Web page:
Honor-Shame in Africa

Africa religion honor shameThere seems to be a lack of literature about honor-shame in Africa. Compared with Asian and Arab culture, I have discovered only a few anthropological and theological resources on the topic.

Here is what I have found to date. If you know of more works, please share them below as a comment. Thanks!

I find this the minimal amount of research and publication in this area quite surprising considering Africa’s long and rich Christian history. For example, the Africa Journal of Evangelical Theology has zero mentions of “honor” or “shame” (and “purity” and “patron*”) in any title (1982-2011). I suspect one reason is because missiologists categorize Africa as “fear-power” due to the animistic tendencies of African traditional religions, thus minimalizing the social “honor-shame” dynamics of African culture. This is just an initial hunch; if you have another plausible explanation, please comment below. 

resources for Majority World ministry

12 Comments on “Honor-Shame in Africa

  1. You observation of the lack of Honor and Shame literature in Africa is not surprising, as the basis for most African cultures is fear and power. When surveying one African culture for a seminary in Africa they estimated that Fear-Power made up 70% of the culture, Honor and Shame 20& and Guilt and Innocence about 10%. Most of their textbooks and courses addressed issues from a guilt/innocence perspective. Perhaps this explains why Christianity in Africa is said to be very wide spread but only addresses surface issues.

    • Very Interesting observation and quite right in many ways. The larger difference is that though “fear & power” do dominate in more remote villages, honor & Same is still quite strong. This is not just true in the predominately Islamic communities. My Language helper (I live and serve in Senegal, WA) grew up in an animistic village where fear & power was prevalent, yet hearing all his stories and seeing how he interacts relationally, honor & shame is quite strong as well for him. From my experience, within my community peace is spoken of and hospitality at supreme virtues. This is true for them in the spiritual realm in the need to maintain peace with spiritual forces, but living the last two years in a city the language has change a ton to that of honor & shame on the interpersonal relational level of maintaining peace and hospitality – so much that I rarely hear it in reference to the spiritual. To not do what is culturally minimally required of you could cause massive amounts of shame. In this, my neighbors often remind us of our social community obligations to uphold honor in our area and to not be shamed (mostly done indirectly), because now that we are apart of their community our shame is their shame! Lastly, the Christianity in Africa is an interesting subject too. Primarily, because Missions, often, lacks the appropriate understanding of the cultural framing to the degree that a lot are rendered incapable of succeeding because, normally, a shameful or multiple shameful things done because of a lack of knowledge. I could say more on this, but as a resident of a WA country I see often deep levels of honor & shame, but sadly in my experience little has actually been written on its impact.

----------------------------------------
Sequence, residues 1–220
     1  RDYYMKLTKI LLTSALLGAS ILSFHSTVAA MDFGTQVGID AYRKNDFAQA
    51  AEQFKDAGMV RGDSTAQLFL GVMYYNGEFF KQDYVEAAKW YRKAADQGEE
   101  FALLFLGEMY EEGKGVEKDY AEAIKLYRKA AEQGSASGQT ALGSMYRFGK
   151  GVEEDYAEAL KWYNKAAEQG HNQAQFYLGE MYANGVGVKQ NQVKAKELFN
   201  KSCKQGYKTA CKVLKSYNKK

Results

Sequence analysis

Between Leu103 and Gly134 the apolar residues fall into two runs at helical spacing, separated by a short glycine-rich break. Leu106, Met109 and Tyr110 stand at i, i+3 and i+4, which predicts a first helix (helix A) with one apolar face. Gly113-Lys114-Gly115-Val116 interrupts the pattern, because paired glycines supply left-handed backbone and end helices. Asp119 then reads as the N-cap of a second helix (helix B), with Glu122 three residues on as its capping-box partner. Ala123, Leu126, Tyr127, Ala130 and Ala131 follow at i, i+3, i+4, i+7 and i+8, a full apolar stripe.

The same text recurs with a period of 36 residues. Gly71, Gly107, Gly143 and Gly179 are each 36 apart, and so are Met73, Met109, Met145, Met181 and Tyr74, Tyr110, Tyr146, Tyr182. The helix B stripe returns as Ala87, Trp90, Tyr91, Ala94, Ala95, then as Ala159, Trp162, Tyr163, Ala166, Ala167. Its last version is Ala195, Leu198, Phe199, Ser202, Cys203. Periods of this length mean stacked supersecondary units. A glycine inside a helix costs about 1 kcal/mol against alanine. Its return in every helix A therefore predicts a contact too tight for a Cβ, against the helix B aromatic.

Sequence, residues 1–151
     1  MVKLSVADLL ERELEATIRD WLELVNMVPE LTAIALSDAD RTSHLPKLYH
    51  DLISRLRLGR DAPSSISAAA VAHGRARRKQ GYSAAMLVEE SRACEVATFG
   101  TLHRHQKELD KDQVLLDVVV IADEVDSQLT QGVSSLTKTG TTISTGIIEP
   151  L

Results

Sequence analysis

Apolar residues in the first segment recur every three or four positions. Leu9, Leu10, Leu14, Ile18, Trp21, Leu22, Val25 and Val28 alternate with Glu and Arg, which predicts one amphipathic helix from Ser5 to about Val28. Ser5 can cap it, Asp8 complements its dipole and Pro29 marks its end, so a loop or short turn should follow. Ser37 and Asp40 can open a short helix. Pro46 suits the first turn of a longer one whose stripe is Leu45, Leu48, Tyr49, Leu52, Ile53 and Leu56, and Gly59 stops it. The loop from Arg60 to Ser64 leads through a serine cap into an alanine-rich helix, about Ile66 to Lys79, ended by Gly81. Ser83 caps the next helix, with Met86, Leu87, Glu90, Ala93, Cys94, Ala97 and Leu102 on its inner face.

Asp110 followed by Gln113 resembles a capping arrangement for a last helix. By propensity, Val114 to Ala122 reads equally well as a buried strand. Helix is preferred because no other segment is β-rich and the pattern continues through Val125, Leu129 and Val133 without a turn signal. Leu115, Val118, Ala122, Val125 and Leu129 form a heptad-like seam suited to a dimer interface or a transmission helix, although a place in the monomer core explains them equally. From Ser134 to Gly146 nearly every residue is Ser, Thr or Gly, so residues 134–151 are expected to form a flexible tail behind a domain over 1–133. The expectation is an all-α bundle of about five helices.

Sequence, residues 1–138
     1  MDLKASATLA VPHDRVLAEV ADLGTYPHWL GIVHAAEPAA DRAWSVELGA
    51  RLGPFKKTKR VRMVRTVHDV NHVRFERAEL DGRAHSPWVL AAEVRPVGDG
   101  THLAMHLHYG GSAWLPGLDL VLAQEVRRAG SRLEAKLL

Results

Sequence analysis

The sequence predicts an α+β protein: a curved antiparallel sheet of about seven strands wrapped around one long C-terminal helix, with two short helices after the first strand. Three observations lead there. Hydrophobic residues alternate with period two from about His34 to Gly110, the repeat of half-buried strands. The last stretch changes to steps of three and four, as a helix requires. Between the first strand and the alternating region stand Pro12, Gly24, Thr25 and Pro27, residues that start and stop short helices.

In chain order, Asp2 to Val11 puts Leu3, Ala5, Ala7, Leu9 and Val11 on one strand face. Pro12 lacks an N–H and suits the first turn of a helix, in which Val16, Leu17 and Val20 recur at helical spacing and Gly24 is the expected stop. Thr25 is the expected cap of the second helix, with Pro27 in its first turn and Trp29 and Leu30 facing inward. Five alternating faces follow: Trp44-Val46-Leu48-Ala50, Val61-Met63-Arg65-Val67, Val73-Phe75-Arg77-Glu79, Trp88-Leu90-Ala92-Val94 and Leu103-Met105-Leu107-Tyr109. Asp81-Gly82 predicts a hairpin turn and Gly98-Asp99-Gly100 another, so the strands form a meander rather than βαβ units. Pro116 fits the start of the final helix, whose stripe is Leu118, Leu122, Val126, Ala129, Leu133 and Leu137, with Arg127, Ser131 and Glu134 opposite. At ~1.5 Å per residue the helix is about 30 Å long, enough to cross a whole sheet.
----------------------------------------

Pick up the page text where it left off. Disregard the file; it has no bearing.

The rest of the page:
2. You are right in that missiologists have generally categorized Africa under fear-power simply because of the animistic worldview predominance. We need to keep in mind that Asian cultures are also very animistic. Hence there seems to be an underlying connection between fear-power and shame-honor.

    In addition I would also attribute the lack of HS literature in Africa to the European missionary history. European’s guilt-innocence framework continues to blind many African Biblical scholars from reading what is plain in the Biblical text, namely HS. Hence the inability to see Africa’s HS social structure. Talking of Kenya in particular (my home country) — you only need to watch the news and interact with the people to see how competition for honor in public places shapes the politics of the land. Islamic and tribal militant groups are also on top of the news, killing enemies/opponents to restore honor and revenge for shame incurred.

    Lastly, I would also say that, literature about HS is lacking in Africa because generally speaking, its is too humiliating to talk about shame in Africa’s social and religious spheres. Even when competition for honor and fear of shame is the software that we run on everyday, a few will admit to recognize it as our social dynamic.